Conservative author Monica Crowley said Monday she would not be taking a senior communications role in President-elect Donald Trump's administration amid allegations of plagiarism.
Crowley, who had been chosen for senior director of strategic communications for Trump's National Security Council, announced she was bowing out to "pursue other opportunities."
The moves comes after the conservative media commentator was hit with allegations of plagiarism, first in a Jan. 7 report by CNN that found she had plagiarized large sections of her 2012 book "What The (Bleep) Just Happened" and again two days later when Politco reported Crowley had lifted numerous passages in her Ph.D dissertation.
Crowley said in a statement to the Washington Times that she would be remaining in New York to pursue other opportunities and not join the incoming administration.
"After much reflection I have decided to remain in New York to pursue other opportunities and will not be taking a position in the incoming administration," she said in the statement. "I greatly appreciate being asked to be part of President-elect Trump's team and I will continue to enthusiastically support him and his agenda for American renewal."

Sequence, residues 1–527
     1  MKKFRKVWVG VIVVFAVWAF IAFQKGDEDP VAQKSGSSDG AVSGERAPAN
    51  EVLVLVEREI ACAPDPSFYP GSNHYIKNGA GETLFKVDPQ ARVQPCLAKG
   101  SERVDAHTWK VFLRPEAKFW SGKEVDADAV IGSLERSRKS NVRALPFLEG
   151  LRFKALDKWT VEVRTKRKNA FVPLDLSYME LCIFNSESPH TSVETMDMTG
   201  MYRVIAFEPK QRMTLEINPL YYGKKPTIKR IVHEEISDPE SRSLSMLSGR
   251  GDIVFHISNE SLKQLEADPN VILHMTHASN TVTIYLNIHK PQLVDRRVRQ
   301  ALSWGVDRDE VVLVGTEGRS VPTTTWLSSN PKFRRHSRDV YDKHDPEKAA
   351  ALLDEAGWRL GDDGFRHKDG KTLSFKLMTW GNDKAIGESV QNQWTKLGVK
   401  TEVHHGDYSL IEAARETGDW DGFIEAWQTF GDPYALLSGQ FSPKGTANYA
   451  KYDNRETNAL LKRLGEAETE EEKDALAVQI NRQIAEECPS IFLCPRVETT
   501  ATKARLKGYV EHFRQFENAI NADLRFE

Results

In December, Trump announced his selection of Crowley for the communications role, where she would have potentially worked alongside Trump's pick for national security adviser, Gen. Michael Flynn.
"The NSC will miss the opportunity to have Monica Crowley as part of our team. We wish her all the best in her future," Gen. Flynn said in a statement to the Washington Times.
HarperCollins, the publisher of "What the (Bleep) Just Happened?" said last week it would be halting sales of Crowley's book after the allegations.
"The book, which has reached the end of its natural sales cycle, will no longer be offered for purchase until such time as the author has the opportunity to source and revise the material," the publisher said in a statement.